Neuschwanstein Castle, Germany
This 19th-century Castle is a Romanesque Revival Architecture Masterpiece. Located on a Hill in Southwest Bavaria, it was Commissioned by King Ludwig the Second of Bavaria as His Personal Retreat. Completed in 1886, the Castle Was Designed in the Romanesque Revival Style that became popular in the Late-19th Century.
“It would not be a commonplace portrait at all, but a carefully composed picture, with very carefully arranged colors and lines. A rhythmic and angular pose. A decorative Félix, entering with his hat or a flower in his hand.”
With these words, in 1890, Paul Signac described to Félix Fénéon the extraordinary portrait he was dedicating to him. In it, Signac paid homage to Fénéon’s distinctive appearance, his generous but enigmatic personality, and his innovative approach to modernism.
This painting, a masterpiece in the Museum’s collection, will be the centerpiece of Félix Fénéon, the first exhibition dedicated to Fénéon (1861–1944). An art critic, editor, publisher, dealer, collector, and anarchist, Fénéon had a wide-ranging influence on the development of modernism in the late 19th and early 20th centuries.
In the late 1880s, he played a key role in defining the new movement known as Neo-Impressionism, a term he coined himself, whose artists, including Signac, used tiny dabs of color that would mix in the eye of the viewer. Over the next five decades, he championed the careers of artists from Georges-Pierre Seurat and Signac to Pierre Bonnard, Henri Matisse, and Amedeo Modigliani.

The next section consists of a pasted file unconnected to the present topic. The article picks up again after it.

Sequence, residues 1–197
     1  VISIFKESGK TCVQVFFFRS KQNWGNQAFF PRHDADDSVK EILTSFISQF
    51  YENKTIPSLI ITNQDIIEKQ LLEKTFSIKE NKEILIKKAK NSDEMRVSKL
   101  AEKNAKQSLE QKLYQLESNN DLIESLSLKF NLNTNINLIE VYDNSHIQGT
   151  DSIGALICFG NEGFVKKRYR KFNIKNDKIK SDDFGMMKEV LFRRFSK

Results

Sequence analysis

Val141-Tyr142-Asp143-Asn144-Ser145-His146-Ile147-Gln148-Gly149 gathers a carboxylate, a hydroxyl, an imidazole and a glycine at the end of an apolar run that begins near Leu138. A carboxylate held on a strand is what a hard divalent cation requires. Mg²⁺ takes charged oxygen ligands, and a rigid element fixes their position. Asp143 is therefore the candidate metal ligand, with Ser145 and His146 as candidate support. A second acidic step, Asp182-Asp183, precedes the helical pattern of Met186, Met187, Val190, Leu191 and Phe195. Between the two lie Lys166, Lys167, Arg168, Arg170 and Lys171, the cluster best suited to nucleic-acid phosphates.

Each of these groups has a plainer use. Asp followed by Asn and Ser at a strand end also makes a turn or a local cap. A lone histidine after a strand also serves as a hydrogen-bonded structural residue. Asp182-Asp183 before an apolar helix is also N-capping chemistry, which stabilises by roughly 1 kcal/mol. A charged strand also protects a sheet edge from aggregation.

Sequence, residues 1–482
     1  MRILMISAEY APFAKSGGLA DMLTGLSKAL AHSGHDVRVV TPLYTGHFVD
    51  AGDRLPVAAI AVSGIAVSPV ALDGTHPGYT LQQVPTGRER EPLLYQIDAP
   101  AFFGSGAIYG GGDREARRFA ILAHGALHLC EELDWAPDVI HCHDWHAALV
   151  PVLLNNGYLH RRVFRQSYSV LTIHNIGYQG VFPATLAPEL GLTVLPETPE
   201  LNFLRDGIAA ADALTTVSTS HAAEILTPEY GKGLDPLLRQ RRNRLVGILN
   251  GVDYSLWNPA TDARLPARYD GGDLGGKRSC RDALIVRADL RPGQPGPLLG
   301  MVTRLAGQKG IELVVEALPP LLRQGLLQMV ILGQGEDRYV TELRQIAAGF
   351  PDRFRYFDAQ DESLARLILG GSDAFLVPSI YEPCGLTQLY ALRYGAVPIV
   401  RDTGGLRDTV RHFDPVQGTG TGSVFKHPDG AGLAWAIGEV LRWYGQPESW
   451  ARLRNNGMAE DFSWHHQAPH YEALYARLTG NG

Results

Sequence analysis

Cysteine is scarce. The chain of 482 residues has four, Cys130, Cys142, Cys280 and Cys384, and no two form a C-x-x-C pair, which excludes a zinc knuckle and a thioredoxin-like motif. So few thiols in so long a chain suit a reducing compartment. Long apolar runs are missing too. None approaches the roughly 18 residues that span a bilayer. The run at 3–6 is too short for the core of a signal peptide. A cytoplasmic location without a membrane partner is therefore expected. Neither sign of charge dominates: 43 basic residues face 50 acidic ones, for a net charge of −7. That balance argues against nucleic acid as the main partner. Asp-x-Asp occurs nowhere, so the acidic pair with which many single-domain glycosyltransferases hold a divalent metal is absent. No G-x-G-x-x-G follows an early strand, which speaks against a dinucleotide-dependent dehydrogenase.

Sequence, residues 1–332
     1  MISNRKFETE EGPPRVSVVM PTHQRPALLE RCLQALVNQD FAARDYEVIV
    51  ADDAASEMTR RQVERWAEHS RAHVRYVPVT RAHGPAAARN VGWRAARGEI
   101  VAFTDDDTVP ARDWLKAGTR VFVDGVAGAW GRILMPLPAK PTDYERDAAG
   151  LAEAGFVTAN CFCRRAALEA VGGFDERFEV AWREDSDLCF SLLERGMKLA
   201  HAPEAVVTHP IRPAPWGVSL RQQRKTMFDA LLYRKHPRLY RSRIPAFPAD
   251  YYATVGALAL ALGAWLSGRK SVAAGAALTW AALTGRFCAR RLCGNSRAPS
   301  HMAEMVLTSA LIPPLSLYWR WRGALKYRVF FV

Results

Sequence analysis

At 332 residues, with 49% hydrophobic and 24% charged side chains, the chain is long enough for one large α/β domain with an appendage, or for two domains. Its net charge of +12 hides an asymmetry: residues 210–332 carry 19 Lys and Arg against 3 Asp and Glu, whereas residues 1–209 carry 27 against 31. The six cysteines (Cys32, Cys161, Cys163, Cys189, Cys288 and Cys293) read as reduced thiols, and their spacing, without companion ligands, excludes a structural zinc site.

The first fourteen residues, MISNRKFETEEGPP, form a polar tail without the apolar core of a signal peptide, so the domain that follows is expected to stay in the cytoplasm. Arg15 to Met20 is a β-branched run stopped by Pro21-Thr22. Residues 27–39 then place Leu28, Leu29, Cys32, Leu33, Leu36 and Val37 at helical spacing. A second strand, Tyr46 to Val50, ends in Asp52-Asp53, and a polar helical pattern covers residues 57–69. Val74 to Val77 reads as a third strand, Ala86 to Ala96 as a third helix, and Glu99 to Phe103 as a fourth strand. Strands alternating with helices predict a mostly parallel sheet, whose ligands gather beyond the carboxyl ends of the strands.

He amassed a renowned collection of paintings by these artists and many others, and he was also a pioneering collector of art from Africa and Oceania. The exhibition will feature some 130 objects, including major works that Fénéon admired, championed, and collected, as well as contemporary photographs, letters, and publications that trace key chapters in his biography. Together these works reveal the profound and lasting legacy of Fénéon’s keen eye and bold, forward-looking vision.
Although our galleries are temporarily closed we wanted to share the Aubrey Beardsley exhibition at Tate Britain with you. Join Tate curators Caroline Corbeau-Parsons and Alice Insley as they discuss the iconic illustrator’s short and scandalous career.
Before his untimely death aged twenty-five, Beardsley produced over a thousand illustrations. He drew everything from legendary tales featuring dragons and knights, to explicit scenes of sex and debauchery. His fearless attitude to art continues to inspire creatives more than a century after his death.
Aubrey Vincent Beardsley (1872-1898) was an English illustrator and author. His drawings in black ink, influenced by the style of Japanese woodcuts, emphasized the grotesque, the decadent, and the erotic. He was a leading figure in the aesthetic movement which also included Oscar Wilde and James McNeill Whistler.
In Van Gogh Questions, our researcher Bregje Gerritse answers the most frequently asked questions about Vincent van Gogh.